Mario’s grill rusted through and he’s ready to upgrade to a more durable one. He begins with a web search engine and clicks through to a store whose brand he likes. On that site he uses faceted search to refine to a handful of models whose attributes might meet his needs. He scrolls through the user reviews on those grills to see which ones other buyers trust, then prints out the reviews for the two he likes best. He checks local inventory online and finds a store nearby that has both.
Mario uses his mobile phone to get directions to the store. Once there, he goes to the grill aisle and inspects them in person, reviews in hand. He discovers another model on clearance that he hadn't noticed online. He looks up the model on a store kiosk, which is similar to the website, but has no user reviews. He turns to his mobile phone instead and reads user reviews. Now he has a top pick. He uses his mobile phone one last time to sanity check the in-store price against that of a web-only superstore. Feeling good about his purchase, he drives home with a new grill.
Does your site offer this experience? Should you cover all bases? How and why?
Modes of Search
One model of search behavior places it on a continuum ranging from fact finding to discovery. And within that continuum, people use a variety of search features to support the different modes.
Pete will show you how, in fact finding, users know in advance what they’re looking for. They already know the specific brand and model of grill they want. You’ll see examples of search features that support fact finding including alpha-numeric string correction, auto-phrasing, and bar-code or QR code scanners.
You’ll learn about the other extreme of the continuum: discovery. Discovery happens where people don’t yet know what they want or how to describe it. They know they want a more durable grill, but don’t yet know the attributes that make a grill durable, or the brands they trust to build a reliable one. Pete’s examples of search features that support discovery include faceted search, user review search, and features of document search. This last example brings into play product information pieces like the buying guide, product info sheet, and demo video search.
Context of Channel
Your users’ expectations of search features vary according to the context of the channel. They expect mobile to be location-aware, and in-store kiosks to be inventory-aware. They expect online to be optimized for a big screen, and mobile for a small one. And they expect the store to know which channel they used. For example, the call center should be prepared with different return information for an online shopper than a brick-and-mortar one.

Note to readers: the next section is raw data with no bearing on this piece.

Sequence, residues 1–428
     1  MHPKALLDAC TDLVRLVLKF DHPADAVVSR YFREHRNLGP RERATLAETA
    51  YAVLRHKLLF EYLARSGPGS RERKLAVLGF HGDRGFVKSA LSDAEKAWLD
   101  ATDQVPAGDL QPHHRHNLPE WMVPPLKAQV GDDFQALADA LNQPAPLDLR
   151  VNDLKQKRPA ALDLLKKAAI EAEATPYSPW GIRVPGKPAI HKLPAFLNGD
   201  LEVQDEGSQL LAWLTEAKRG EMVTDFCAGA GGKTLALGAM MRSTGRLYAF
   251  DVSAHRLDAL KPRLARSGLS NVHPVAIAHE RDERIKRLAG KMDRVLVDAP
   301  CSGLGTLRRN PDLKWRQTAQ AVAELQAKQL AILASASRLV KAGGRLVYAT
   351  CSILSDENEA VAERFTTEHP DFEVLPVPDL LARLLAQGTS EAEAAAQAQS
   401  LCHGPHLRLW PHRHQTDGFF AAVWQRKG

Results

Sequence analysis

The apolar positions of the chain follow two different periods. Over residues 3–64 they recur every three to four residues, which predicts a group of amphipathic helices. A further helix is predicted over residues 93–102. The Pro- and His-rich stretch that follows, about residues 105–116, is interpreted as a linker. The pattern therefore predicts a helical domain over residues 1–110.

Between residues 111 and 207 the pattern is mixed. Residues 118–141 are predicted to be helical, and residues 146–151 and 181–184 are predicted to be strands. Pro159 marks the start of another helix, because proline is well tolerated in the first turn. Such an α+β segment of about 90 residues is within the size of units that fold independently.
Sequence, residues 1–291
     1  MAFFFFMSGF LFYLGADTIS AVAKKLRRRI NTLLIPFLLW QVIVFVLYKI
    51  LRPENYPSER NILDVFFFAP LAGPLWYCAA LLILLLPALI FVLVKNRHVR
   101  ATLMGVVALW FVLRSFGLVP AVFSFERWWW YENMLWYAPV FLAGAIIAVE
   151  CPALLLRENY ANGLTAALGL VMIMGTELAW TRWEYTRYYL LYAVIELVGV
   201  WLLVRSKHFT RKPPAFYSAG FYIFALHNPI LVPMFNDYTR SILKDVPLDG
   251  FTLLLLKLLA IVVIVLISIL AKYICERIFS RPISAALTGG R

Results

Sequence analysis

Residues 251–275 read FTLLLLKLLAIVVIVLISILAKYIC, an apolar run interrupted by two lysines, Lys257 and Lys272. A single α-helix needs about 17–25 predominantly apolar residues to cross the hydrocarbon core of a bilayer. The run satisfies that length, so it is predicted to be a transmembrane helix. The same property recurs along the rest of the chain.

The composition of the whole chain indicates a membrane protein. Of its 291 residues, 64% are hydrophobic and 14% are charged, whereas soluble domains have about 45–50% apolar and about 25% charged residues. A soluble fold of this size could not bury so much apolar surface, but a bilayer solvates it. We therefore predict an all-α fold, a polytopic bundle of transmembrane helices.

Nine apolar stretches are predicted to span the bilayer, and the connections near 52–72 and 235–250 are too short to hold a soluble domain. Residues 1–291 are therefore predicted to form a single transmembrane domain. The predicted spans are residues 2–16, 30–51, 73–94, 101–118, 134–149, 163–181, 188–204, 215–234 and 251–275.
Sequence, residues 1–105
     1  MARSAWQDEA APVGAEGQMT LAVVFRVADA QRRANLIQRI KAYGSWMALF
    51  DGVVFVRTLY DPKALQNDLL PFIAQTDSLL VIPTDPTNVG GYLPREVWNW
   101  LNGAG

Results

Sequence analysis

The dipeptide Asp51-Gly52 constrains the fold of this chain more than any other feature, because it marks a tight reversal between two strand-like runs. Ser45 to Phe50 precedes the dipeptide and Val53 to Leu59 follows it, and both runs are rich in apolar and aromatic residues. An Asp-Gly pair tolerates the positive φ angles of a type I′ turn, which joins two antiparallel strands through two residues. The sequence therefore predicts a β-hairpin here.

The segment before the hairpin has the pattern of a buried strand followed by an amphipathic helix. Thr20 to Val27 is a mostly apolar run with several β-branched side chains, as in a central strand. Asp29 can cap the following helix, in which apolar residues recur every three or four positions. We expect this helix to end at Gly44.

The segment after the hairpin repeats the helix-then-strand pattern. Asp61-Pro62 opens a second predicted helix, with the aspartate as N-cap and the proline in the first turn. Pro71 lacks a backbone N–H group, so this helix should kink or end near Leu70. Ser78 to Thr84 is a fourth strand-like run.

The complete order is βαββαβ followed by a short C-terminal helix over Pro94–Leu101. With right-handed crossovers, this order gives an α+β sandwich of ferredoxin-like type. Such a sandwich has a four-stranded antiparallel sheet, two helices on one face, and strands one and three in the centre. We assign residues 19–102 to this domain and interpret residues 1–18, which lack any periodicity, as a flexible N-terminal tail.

Although the multi-channel search experience is already common, it is still not a well-designed experience. People face unnecessary gaps across channels, often because the channels aren’t aware of each other.
The Multi-channel Search Experience
There’s a reason the experience is still poor. Retailers still aren’t organized to make multi-channel work. Different groups typically own the different channels, and they have no incentive, or even counter-incentives to cooperate. Even when groups do try to coordinate across channels, they still have difficulty knowing when a shopper crosses from one channel to the next, or even measuring how the channels affect each other.
Pete will share examples from well know organizations like Home Depot, Borders, and B&H Photo Video. He also shares his latest thinking on Facebook and its rise as a new channel. Multi-channel search experience design is still in its early stages, but we already have a good idea of how to go about it, which you’ll learn in this seminar.
As an experience design discipline, multi-channel search is still in its infancy, and investment in it lags actual user behavior. That means there are still no best practices. However, there are early adopters whose experimentations might point the way towards the future.
Be sure to save your team's spot for this important and insightful look at multi-channel search.